Preparing Your Family for Winter Weather
You've remembered to winterize your house and your car, but is your family ready? Be sure to prepare your kids and your kitchen for snowy days and long winter nights.
Tips for Playing Outside in Winter
The American Academy of Pediatrics recommends dressing infants and children
in several thin layers, such as long johns, turtlenecks, one or two shirts, a
sweater, warm socks, boots, gloves or mittens, and a coat. Dress children in
one more layer than you would wear.
Children who play outside may not notice they are getting too cold or even
experiencing hypothermia, the AAP says in its bulletin, "Winter Safety
This can go for adults, too, says Gregg Boughton, coordinator of the
outreach sports medicine program at Gem City Bone & Joint. He's also head
athletic trainer at the Laramie City Community College in Wyoming, where it was
20 below zero the day he talked to WebMD. "The first sign of hypothermia is
shivering," he says. This means it's time to go inside, he adds.
Adults and children can also get the beginnings of frostbite, which destroys
living tissue, without being aware of it. "The first sign is numbness,"
Boughton says. Skin can appear gray, pale, or blistered along with the
numbness, according to the AAP.
Boughton recommends warming slowly -- even in cold water. It will feel warm,
he assures. The AAP recommends not rubbing the affected areas. If the numbness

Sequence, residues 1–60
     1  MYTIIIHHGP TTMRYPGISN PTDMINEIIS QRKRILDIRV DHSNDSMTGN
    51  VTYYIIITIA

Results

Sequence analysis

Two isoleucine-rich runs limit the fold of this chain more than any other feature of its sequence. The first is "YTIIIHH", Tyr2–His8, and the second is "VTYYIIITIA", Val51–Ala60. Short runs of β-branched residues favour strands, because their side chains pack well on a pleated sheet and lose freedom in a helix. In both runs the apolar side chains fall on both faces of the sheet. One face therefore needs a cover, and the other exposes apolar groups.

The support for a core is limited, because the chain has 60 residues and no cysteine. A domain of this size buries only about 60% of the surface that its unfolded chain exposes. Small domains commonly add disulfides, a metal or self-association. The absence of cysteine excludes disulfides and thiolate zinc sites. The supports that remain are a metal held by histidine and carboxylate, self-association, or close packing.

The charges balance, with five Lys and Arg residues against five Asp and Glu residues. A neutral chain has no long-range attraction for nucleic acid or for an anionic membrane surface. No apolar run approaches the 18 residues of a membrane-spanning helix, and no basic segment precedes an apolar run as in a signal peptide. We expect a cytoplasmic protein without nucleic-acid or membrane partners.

persists more than a few minutes, call the doctor.
Other tips from the AAP and Boughton for outdoor winter play:
- If your child gets winter nosebleeds from dry heated air, get a humidifier.
Saline nosedrops can also bring relief. If this persists, consult the
- Bathe every other day or every third day, especially in the case of
children. Bathing too often can dry skin.
- Do not drink alcohol outside in cold weather, Boughton urges. "Some
skiers bring along some schnapps and make mistakes or don't see they are too
- Make sure to stay well hydrated. Cold weather inspires us to drink hot
cocoa and coffee, but we still need water, especially with increased physical
- Also when skiing, unless you have been conditioning, he says, don't head
for the Black Diamond slopes. Children especially, the AAP notes, need
professional instruction and must have adult supervision. Remember, the real
aches and pains show up after 24 hours. You may wake up and not be able to get
up, wasting an expensive trip by staying inside the hotel!
- While outside for long periods, bring a couple of power bars.
- If anything, dress a little more lightly than you think you should for
snowshoeing, Boughton says. "You can work up a great sweat." He also
advises wearing fast-drying textiles for all outdoor play. "Gore-tex is the
- If you have cold-induced asthma, Boughton recommends packing along your
inhaler or taking a puff or two before you leave.
- Is there sun glaring on the snow? It can be intense! Wear sunblock in
winter as well as summer.
- If you snowmobile, never go alone and never pull anyone, the AAP says. Stay
on marked trails and travel at safe speeds.
- Never play outside after dark. "It's getting dark earlier,"
Boughton notes. "Be home."
- If a snowy driveway is awaiting you at home, remember all those
shoveling-induced heart attacks that happen every year. More scoops, lighter